Anna Marie Trotman
Certified Nutritional Coach
According to the Center for Disease Control, there is an increased circulation of
respiratory viruses floating around this fall and winter. Airports are crowded,
people are traveling and flocking to their local shopping malls. We are going to
sporting events, concerts, and holiday gatherings, and we’ve all but abandoned
Feeling crummy anytime is not the ideal situation, and it can be especially hard
over the holidays. (We had to postpone Thanksgiving due to COVID). When you
start to feel symptomatic, take a COVID test to rule out any possibilities of
spreading the virus. Follow CDC guidelines, stay home and rest. If you test
negative and feel crummy, stay home and rest.
Here are some guidelines to help you get through the holidays and beyond. It’s
worth the effort.
First a Little Science Lesson – The Microbiome
Definition: The microbiome is the collection of all microbes, very tiny critters, such
as bacteria, fungi, viruses, and their genes that naturally live in and on our bodies.
This collection of organisms contributes in a very big way to your health and
wellness, and they support your immune system.
Your gut microbiome houses the largest number of immune cells in the body and
plays a fundamental role in fine-tuning how your immune system functions. Your
gut microbes (the good guys) regulate your immune system to help it recognize
pathogens (the bad guys) while maintaining proper immune responses within the
The key to a healthy gut is to nurture your gut-immune axis. The gut-immune axis
is the collection of intricate pathways connecting your immune system to your gut
(simple as that). Because the microbiome is a fundamental bridge between your
body and your environment, these microbes affect health in many ways and can
even affect how you respond to certain environmental conditions.
Five Ways to Cultivate a Healthy Gut
Don’t wait until you get sick! Cultivating a healthy gut microbiome can have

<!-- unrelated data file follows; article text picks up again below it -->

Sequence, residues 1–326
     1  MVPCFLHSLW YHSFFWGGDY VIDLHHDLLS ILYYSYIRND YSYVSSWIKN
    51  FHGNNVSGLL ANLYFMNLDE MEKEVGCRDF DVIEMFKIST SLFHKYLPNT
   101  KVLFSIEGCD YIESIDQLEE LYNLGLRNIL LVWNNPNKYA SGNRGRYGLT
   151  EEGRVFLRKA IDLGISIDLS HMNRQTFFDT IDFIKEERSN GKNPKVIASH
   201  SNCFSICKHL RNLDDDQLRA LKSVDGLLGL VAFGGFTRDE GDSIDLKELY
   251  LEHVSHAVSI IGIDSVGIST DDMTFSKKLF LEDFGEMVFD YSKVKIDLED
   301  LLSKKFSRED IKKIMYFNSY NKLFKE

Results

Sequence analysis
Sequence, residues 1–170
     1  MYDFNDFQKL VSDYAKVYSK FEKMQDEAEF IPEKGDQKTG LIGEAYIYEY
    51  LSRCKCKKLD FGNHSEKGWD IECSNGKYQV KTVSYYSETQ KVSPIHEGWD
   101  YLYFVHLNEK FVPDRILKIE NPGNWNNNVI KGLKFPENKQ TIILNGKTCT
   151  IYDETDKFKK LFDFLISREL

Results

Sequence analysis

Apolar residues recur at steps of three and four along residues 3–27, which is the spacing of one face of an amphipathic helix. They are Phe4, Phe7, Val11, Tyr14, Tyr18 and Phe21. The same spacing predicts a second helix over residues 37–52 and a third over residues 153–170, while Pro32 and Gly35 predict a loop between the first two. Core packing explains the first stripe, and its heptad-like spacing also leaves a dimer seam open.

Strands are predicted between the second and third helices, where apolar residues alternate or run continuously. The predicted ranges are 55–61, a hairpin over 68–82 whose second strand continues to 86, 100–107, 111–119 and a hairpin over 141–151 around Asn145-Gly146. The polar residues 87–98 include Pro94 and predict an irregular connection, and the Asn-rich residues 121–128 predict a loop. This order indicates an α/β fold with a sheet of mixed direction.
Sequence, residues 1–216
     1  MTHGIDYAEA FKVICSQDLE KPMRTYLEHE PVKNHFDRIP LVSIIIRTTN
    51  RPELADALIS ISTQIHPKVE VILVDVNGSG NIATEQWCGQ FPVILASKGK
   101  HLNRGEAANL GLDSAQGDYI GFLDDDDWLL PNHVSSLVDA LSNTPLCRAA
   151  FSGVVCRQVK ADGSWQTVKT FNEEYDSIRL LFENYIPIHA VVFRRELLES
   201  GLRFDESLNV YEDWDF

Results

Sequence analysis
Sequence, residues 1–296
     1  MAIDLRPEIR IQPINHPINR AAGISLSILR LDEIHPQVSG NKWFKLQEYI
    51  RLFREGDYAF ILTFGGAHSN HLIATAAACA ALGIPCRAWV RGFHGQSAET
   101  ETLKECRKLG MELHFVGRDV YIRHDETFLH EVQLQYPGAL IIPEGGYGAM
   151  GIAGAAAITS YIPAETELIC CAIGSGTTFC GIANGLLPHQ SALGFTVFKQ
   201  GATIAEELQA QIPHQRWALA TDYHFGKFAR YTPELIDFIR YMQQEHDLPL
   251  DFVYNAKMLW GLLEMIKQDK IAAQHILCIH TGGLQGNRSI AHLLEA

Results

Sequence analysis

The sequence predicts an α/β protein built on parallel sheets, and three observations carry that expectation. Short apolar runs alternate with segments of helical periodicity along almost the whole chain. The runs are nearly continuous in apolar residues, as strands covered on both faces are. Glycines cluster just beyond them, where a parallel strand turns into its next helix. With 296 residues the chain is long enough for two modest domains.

positive effects on your whole-body, your health and your immunity. Here are five
ways to protect yourself now!
- Focus on nutrient-dense, whole foods: Food has the power to heal, so it’s
especially important to up your intake of nutrient-dense, immune-
supporting foods during the cold and flu season. From dark leafy greens like
kale and spinach to nuts/seeds, and citrus fruits like oranges and grapefruit
aim to integrate these natural powerhouses in your daily diet. Foods that
contain beneficial live microbiota (organisms essential for the fermentation
of non-digestible foods) like kefir, yogurt with live active cultures, pickled
vegetables, tempeh, kombucha tea, kimchi, miso, and sauerkraut all
support a healthy gut.
- Cut Out Sugar – Avoid Processed Foods: Ouch….Sugars and simple
carbohydrates are digested so quickly that your little microbes don’t have a
chance to have a proper meal. A steady diet of processed foods can starve
your microbiome to death, and starving microbes resort to munching away
at the lining of the intestine leading to inflammation. Foods with complex
sugars like honey, fruits of all kinds, frozen grapes, dark chocolate,
smoothies, and sweet potatoes are excellent choices.
- Cultivate Good Sleep Habits: A well-rested body is more likely to respond
effectively to illness than one that’s fatigued and/or run down. Routine
sleep optimizes your circadian rhythm, lowers stress hormones, and helps
your body to repair itself and ward off illness. Getting adequate sleep each
night can make all the difference in building resilience and supporting your
body with what it needs to perform properly.
- Let’s Get Physical: Getting regular exercise has many benefits including
weight management, digestive regularity and increased circulation of
immune cells in the body (makes sense). It may also contribute to better
sleep, all factors that contribute to a healthier immune system.
- Practice relaxation and stress management: We tend to take on too much
which can leave us feeling frazzled and burnt out. Living in a frequent state
of high stress can sabotage your immune system and make you more
susceptible to illness. Whether it’s taking a warm bath, reading a book or
meditating, knowing when it’s time to listen to your body and “turn off” is
important so your body, mind and spirit can rejuvenate and heal.
Cultivating good eating habits, resting, getting physical and having a good stress
management program in place is not easy, but neither is being sick and passing it
on to family and friends. Make some tweaks here and there and move towards a
healthier and happier lifestyle.